The Benefits Of Exposing To The Right
Exposing to the right is beneficial because the further to the right you go, the more distinct tonal values there are. This produces a wider dynamic range. Dynamic range is the camera’s ability to capture both dark and light regions of the scene and everything in between.
You can easily check the claim that images exposed to the right contain more detail than those exposed to the left. Simply take two identical photos of the same scene, but, using your camera’s exposure compensation dial, drastically under-expose one of them.
Now, check the file sizes of both images. The properly exposed image will have a larger file size than the under-exposed image. This demonstrates how much more data your image holds when exposing to the right, rather than the left.
Bright light has more energy than low light, making it easier for the sensor to capture it. This results in a higher signal-to-noise ratio. This is because bright light generates a strong electrical signal in the camera’s sensor. This overpowers the relatively weak electrical signals created by random electronic interference found in all electronic devices.
Exposing to the right, but being sure not to clip the highlights, results in images which are less noisy, have greater dynamic range, a higher signal-to-noise ratio, and better colors.
Choose The Right File Format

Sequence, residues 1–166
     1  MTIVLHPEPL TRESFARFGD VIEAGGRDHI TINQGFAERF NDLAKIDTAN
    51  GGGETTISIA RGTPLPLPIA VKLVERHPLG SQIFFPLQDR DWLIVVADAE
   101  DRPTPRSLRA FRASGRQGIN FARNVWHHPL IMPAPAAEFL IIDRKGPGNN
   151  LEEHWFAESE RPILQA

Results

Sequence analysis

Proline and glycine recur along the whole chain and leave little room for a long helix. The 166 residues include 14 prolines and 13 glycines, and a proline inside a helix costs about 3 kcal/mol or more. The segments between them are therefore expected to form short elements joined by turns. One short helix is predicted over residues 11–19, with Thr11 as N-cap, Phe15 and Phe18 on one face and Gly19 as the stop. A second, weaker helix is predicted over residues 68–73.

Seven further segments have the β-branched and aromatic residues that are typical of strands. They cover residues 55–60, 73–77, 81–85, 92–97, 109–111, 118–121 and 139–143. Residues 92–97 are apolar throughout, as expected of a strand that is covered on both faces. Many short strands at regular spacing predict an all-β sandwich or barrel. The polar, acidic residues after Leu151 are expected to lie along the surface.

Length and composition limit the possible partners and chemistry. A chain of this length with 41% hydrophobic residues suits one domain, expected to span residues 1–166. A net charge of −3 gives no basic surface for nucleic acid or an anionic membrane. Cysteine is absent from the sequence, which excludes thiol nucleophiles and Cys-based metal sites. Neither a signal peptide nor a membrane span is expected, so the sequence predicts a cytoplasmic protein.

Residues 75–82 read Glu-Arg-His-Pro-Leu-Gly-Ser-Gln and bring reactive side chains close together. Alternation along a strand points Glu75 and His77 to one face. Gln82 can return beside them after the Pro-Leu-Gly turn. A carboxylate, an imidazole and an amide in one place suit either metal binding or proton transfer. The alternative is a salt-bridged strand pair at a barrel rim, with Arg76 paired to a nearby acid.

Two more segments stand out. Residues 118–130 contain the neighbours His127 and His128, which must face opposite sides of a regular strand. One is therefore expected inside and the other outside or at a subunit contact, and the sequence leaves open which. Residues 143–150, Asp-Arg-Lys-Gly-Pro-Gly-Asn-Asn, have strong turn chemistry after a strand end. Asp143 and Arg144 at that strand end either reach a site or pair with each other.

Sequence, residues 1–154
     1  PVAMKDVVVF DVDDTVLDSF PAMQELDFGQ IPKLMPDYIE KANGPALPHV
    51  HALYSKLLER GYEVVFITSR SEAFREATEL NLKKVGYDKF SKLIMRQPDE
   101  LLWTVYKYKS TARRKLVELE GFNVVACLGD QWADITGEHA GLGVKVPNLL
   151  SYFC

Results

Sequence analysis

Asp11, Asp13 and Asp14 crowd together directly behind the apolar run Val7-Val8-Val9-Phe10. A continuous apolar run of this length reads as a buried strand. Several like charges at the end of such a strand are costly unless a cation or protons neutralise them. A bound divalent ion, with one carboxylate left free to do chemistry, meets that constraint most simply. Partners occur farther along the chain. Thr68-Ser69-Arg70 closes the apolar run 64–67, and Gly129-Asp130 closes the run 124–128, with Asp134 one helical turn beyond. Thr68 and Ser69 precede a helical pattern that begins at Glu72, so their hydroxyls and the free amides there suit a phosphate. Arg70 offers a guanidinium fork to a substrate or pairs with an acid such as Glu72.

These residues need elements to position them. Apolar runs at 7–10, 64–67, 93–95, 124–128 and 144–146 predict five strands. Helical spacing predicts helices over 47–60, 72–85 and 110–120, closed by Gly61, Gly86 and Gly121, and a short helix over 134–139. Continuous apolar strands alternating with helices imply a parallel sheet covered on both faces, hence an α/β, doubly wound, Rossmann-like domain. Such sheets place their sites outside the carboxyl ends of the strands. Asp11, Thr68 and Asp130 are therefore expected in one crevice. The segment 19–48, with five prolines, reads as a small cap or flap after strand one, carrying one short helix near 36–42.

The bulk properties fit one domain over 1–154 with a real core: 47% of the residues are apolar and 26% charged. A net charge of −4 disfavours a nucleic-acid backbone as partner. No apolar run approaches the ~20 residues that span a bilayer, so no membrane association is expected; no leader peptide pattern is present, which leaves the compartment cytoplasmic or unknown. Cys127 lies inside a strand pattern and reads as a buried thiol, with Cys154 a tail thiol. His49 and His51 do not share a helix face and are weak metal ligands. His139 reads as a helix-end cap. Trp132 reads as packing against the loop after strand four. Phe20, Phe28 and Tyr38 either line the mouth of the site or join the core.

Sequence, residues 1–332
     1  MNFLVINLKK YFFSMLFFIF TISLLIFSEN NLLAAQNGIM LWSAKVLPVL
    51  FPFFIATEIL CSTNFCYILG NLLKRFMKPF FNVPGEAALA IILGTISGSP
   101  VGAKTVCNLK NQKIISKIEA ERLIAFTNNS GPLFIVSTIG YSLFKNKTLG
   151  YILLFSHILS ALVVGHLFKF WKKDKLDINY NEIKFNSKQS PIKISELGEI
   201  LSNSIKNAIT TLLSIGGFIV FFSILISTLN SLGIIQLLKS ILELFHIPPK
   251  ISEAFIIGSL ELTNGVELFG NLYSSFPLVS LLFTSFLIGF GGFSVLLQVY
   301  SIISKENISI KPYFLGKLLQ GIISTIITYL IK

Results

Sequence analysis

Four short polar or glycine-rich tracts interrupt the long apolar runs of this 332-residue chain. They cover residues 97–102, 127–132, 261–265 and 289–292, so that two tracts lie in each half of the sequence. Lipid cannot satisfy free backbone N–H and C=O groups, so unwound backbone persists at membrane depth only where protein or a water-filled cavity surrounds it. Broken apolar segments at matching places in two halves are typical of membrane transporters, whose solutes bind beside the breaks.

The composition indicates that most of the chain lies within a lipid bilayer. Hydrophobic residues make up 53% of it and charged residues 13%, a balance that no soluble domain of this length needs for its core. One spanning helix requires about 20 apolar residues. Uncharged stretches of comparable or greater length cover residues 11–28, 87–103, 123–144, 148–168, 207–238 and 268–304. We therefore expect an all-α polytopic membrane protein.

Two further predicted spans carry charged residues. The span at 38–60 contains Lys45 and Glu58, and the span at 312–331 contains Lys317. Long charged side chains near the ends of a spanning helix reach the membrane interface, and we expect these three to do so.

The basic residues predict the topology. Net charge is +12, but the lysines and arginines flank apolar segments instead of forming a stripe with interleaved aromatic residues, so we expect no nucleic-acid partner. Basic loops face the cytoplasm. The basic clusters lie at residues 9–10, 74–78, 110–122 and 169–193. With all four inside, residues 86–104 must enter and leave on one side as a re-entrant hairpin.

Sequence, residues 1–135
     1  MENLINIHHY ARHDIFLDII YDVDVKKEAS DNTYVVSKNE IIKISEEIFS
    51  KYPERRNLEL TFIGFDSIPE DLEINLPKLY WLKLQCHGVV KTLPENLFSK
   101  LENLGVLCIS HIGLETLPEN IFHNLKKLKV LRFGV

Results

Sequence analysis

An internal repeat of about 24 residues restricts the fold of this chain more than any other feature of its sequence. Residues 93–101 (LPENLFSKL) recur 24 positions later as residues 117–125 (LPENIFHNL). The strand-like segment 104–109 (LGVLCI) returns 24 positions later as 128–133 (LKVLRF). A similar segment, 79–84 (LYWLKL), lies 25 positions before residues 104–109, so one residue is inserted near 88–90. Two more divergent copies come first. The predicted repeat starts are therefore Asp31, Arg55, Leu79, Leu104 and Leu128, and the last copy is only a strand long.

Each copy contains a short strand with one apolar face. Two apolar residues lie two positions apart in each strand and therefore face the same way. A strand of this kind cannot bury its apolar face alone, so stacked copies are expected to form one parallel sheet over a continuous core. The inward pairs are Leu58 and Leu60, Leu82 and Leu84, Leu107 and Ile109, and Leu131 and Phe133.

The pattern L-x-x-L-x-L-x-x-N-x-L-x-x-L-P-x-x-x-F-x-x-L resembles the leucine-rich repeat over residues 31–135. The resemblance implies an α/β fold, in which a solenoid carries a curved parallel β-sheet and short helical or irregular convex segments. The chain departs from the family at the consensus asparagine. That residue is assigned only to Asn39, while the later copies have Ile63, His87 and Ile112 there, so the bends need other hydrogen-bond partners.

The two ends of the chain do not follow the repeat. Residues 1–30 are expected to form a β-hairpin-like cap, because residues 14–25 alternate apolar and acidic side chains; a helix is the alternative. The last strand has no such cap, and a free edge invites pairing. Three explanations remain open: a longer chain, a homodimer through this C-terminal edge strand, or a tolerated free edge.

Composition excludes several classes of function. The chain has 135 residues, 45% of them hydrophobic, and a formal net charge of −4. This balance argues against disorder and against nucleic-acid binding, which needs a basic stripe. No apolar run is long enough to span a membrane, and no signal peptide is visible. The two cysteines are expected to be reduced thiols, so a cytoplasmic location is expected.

When your camera takes a photo, it saves it as a file on your camera’s memory card. The two most common image file formats are JPEG and RAW.
RAW is a lossless file format which keeps all of the information captured by your sensor. It’s an exact copy of what the sensor captured, without any image adjustments or enhancements.
By comparison, the JPEG format compresses the sensor information, throwing away detail which you can never get back. This keeps the image file size small but at the expense of image quality.
As the price of memory and storage falls constantly, image file sizes are less important. So, always shoot RAW if your camera allows it.
Brighten Your Image The Right Way
Exposing to the right involves making the image brighter. There are several ways to do this in-camera. Refer to the exposure triangle to discover how to adjust aperture, shutter speed, and ISO for a brighter image. Avoid increasing the ISO value, as the increased grain will counteract any benefits you’ll get from exposing to the right.